To anyone hauling around spare AAs and an emergency power cord, it's obvious that energy-storage technology needs a rethink. Fortunately, one is under way. Within the next 18 months, consumer electronics manufacturers, including Casio and Sony, plan to start marketing personal portable devices powered not by batteries but by fuel cells.
The impending shift is pretty radical. Unlike batteries, fuel cells don't store electricity. They generate it, via a chemical reaction between a hydrogen-containing fuel and oxygen. Fuel cells have been around for decades in exotic applications, powering satellites and spacecraft. They are being developed for commercial use in electric cars and to provide backup electricity for buildings (a truly "green" technology: their only emissions are water vapor and heat). Strapping a power plant to a mobile phone once seemed a silly idea—early prototypes for portable fuel cells were as ungainly as a pair of clogs—but miniaturization has reached the stage where consumers might buy into the concept.
Casio, for example, recently unveiled a prototype of a fuel-cell-powered laptop that looks acceptably normal. The power supply weighs half as much as existing laptop batteries and can run the machine for 20 hours at a stretch—quadruple the longevity of a fully charged lithium-ion battery. Medis Technologies, a NASDAQ-listed Israeli company, has designed a tiny, 80-g fuel cell that can sustain 20 hours of mobile-phone conversation.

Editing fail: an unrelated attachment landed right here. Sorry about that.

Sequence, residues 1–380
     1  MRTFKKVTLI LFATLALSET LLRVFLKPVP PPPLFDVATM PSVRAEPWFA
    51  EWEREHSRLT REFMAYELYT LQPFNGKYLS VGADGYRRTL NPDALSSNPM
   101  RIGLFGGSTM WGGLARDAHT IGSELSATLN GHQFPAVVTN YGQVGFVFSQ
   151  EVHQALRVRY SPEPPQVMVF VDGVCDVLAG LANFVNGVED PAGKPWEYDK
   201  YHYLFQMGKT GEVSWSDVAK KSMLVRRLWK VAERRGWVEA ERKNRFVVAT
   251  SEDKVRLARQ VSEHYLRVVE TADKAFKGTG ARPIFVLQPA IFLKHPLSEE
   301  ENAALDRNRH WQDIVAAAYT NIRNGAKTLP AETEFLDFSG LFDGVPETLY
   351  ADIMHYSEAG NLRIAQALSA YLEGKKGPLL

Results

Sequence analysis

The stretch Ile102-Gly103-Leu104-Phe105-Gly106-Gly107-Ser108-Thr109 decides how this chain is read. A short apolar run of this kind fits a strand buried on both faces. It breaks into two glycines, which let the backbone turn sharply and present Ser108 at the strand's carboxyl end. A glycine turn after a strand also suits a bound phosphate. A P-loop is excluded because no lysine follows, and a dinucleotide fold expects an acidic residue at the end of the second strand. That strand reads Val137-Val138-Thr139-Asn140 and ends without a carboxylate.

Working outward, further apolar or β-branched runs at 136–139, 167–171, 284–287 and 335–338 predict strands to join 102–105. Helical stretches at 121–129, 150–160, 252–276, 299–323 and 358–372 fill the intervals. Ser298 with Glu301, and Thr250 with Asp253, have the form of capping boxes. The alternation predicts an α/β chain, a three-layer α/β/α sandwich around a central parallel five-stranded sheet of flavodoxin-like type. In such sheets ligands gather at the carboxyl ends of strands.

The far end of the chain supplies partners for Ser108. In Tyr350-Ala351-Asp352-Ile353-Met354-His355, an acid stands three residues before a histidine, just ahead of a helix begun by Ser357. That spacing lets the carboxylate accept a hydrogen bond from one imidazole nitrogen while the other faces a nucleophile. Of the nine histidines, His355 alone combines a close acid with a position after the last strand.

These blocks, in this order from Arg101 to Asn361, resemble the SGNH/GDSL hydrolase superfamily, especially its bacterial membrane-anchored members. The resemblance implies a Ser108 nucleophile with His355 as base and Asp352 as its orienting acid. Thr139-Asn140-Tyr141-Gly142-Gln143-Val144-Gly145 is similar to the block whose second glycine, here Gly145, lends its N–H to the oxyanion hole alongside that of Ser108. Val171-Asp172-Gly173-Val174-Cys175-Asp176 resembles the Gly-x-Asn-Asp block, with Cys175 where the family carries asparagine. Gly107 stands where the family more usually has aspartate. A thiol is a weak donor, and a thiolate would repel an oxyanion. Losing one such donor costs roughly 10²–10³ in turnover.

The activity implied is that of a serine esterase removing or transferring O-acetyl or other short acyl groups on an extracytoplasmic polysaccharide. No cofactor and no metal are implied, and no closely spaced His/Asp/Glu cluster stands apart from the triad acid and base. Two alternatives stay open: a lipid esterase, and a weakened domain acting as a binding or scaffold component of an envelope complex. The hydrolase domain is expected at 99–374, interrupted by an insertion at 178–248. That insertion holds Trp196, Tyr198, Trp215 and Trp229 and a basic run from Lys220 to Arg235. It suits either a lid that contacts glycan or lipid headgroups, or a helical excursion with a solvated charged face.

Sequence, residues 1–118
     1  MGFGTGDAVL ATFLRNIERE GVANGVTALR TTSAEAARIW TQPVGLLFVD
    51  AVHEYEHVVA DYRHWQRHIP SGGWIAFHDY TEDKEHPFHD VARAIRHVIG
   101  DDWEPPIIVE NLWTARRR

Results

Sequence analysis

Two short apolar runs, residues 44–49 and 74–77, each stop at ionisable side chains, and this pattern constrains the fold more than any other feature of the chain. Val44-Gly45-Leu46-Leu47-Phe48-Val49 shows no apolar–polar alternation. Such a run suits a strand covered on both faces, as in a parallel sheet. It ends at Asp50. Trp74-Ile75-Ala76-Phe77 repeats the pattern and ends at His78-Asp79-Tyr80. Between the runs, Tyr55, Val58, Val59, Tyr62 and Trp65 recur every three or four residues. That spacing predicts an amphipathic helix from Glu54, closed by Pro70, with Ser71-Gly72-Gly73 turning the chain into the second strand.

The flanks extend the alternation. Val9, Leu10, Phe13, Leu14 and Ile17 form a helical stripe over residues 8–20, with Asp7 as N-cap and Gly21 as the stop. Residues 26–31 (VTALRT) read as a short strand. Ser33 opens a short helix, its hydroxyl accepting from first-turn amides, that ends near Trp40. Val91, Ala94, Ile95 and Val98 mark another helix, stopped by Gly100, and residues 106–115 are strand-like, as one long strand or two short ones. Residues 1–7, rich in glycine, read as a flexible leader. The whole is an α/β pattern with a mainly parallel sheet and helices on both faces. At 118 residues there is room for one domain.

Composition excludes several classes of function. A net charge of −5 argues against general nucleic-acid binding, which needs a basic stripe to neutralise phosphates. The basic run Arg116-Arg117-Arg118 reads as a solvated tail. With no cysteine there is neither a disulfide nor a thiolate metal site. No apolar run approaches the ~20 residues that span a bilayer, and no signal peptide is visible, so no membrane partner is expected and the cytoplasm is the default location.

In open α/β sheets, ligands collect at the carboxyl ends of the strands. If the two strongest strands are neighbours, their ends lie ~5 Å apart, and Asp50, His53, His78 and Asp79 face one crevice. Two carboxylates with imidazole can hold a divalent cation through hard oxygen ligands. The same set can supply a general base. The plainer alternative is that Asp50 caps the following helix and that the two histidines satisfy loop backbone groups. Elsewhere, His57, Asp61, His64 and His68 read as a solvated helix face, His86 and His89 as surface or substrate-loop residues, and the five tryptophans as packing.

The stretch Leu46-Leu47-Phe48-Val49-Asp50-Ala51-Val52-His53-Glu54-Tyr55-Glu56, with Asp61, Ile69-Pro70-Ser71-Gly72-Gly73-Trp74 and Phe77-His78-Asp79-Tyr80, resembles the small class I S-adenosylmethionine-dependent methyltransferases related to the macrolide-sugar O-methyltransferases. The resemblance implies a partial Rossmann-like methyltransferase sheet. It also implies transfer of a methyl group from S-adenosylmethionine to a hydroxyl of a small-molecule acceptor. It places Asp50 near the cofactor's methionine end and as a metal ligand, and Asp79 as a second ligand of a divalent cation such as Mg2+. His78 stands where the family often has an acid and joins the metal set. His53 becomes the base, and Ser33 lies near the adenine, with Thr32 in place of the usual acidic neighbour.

Fuel cells promise to unhitch us from the electrical grid, and that's good. We'll never have to grope for a hotel-room outlet again, and no more waiting for batteries to recharge, either. But details on how costly the devices will be to own and operate are scarce, and there are potential drawbacks. Will there be maintenance hassles? (Batteries are, after all, wonderfully simple.) Casio's laptop power plant is fueled by small methanol cartridges that are replaced when the liquid is spent. Will we want to carry spare fuel cans around with us? Will airlines allow them on board? The answers to those questions will determine whether my power outages continue. Until then, intermittent blackouts are expected.